Get it at Amazon
Portable projectors are no longer just ordinary projectors but smaller. The NEBULA Capsule is the prime example.
It is the size of a fizzy drink can, so can work no matter where you are. With the ability to project anything from your phone, tablet or laptop thanks to Bluetooth, Apple Airplay and Wi-Fi capability, you don’t have to worry about wires and cables.
The 360° built-in speaker also means there is no trouble in everyone hearing the film clearly, too. It doubles up as a portable speaker, so can act like a complete all-rounder when you want to cut down on suitcase contents for a weekend away.
Understandably, it wouldn’t be able to hold the ‘portable’ description if the battery was poor. With up to four hours play time, there’s plenty of scope to watch the latest blockbuster or play your new game until your eyes need a rest. Just want to use it as a speaker? You have up to 30 hours play time. Basically, unlimited listening.
There are plenty of extra accessories available if you want to jazz up your viewing experience. A tripod could help to stabilise your projector, so you don’t have to worry about it tipping over and spoiling the movie marathon. A power bank is also a perfectly suitable method of charging it up if you are in the garden and don’t want to bring the party inside.
Optoma HD141XGet it on Amazon
No real Best Projector under £1000 list would be complete without a portable projector entry. The one that made the list is the Optoma HD141X. In fact, if I were to write a Best Projector Under £500, this would be the winner by far. The MHL technology is probably the most important feature here. Being a portable projector, you will probably want to connect your mobile phone or tablet to it and the MHL technology allows you to do just that. The contrast isn’t as good as it is on the other ones at just 23000:1 but the 3000 Lumens makes up for that in my book. Did I mention that it is Full 3D 1080p? Unfortunately, it suffers from the same fan noise issue most budget projectors do but at this price and with so many good features, I think it still makes a sensible purchase.
So there you go. This was my projector buying guide and a few suggestions as to what I believe the best projector under £1000 and a few close competitors. Remember that it’s not about buying the latest, most feature-rich projector. Instead, you should think about how are you going to use it. Are you using your projector in a bright room? Are you bothered about the fan noise? Will you use the projector in a small room? Only after you have answered all of these questions (and probably others I am missing) you will be able to tell which is the best projector under £1000 or the best projector for you.
Thank you for reading my projector buying guide. If you have any questions about this Best Projector Under £1000 list, drop me a message in the comments.
Projector Buying Guide
The most important things that you need to look out for when buying a projector are its Brightness, Contrast and Resolution. You might have to compromise on one of the points in but, this is “Best Projector under £1000” not “Best Projector in the world”. Do you really want to pay for features you’ll never use? Didn’t think so…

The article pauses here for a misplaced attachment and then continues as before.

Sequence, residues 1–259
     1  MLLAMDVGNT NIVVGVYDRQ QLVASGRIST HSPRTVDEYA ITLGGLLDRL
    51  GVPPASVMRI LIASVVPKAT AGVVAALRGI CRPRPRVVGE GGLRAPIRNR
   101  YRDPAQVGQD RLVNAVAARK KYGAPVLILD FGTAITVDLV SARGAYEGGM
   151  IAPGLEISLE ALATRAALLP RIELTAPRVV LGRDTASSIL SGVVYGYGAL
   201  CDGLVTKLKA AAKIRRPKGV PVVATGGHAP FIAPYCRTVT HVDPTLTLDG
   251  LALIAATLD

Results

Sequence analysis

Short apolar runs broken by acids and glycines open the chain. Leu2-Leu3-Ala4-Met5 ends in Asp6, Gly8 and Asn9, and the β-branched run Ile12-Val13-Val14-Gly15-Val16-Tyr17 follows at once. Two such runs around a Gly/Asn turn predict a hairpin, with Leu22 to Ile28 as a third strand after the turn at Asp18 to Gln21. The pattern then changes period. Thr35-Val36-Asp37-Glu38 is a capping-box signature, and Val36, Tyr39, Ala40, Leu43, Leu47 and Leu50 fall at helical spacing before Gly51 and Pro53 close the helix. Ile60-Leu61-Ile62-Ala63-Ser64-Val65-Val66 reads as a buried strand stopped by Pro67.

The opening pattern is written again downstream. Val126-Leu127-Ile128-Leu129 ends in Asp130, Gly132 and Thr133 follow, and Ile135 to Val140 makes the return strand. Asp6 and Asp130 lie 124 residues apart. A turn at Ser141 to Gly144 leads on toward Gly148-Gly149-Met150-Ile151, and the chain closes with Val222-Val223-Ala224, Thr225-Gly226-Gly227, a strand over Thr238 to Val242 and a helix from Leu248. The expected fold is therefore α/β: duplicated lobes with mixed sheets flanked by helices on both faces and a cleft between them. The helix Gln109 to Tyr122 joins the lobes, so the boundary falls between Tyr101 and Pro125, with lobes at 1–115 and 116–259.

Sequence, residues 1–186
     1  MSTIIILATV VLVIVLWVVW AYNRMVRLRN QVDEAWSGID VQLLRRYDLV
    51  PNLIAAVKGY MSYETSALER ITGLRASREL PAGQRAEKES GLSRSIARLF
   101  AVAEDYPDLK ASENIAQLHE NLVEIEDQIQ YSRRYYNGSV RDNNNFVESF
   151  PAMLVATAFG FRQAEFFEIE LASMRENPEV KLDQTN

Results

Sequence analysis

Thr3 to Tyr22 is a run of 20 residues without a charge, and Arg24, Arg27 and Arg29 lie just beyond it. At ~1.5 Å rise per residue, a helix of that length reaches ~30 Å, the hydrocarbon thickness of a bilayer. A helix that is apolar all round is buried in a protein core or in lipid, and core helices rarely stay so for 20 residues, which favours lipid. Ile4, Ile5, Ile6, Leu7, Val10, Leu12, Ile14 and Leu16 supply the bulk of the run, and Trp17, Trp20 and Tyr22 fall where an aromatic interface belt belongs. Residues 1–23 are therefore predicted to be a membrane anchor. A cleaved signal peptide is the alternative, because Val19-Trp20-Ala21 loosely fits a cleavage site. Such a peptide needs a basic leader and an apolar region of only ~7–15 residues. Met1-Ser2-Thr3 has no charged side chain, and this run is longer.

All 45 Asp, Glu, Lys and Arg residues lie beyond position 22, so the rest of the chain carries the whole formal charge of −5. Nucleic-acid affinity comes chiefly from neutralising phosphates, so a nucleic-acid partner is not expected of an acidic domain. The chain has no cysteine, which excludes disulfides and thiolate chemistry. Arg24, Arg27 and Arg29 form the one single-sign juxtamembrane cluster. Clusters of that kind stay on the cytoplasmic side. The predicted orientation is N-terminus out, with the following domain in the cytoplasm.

High brightness (measured in Lumens) is important when using your projector for presentations and generally in environments where there is a source of light. If you are planning on watching movies or playing games in complete darkness, then you should not have to buy a projector that boasts more than 3,000 Lumens as it might hurt your eyes. If you’re using your projector in fairly bright ambient light then you might want to go for 3500 ANSI lumens or higher.
When deciding how bright the monitor should be, you should also take into consideration the screen size. The bigger the screen, the brighter the projector will have to be. If your screen size exceeds 70in, you will need a brighter monitor. This Projector Brightness advice calculator here should help: http://www.projectorpoint.co.uk/Projector-Brightness-Advice.htm
Contrast Ratio in this context is the ratio of the light reflected from an all-white image and an all black image and it is important because the higher the-the contract ratio number is, the clearer (more details) the image will be on your screen. So high contrast means high quality.
Resolution is the number of pixels that projectors can transmit. The four main resolutions are XGA (4:3 Aspect Ratio, 1024×768), WXGA (16:10 Aspect Ratio, 1280×800), High Definition (16:9 Aspect Ratio, 1920×1080) and 4K Ultra HD (4096×2160). I will not focus on the 4k projectors in this post since none of them made it onto our Best Projector under £1000 List. If you are wondering what Aspect Ratio means, it is basically the image shape the projector illuminates. People looking for a home entertainment machine should definitely go for the High Definition as its Aspect Ratio is the only one that supports playing movies and games on a full screen. To illustrate my point have a look at the picture attached underneath.
LCD vs DLP. These are the two main types of projectors out there at the moment. DLP offers a better picture quality and deeper colours but produces the so-called Rainbow effect. That occurs when very bright areas of the video move across very dark areas and causes some people to see flashes of red, green and blue. This happens due to the projector’s slow colour wheel. LCD models are not prone to the Rainbow effect but are pricier and the overall cost goes up due to higher maintenance expenses.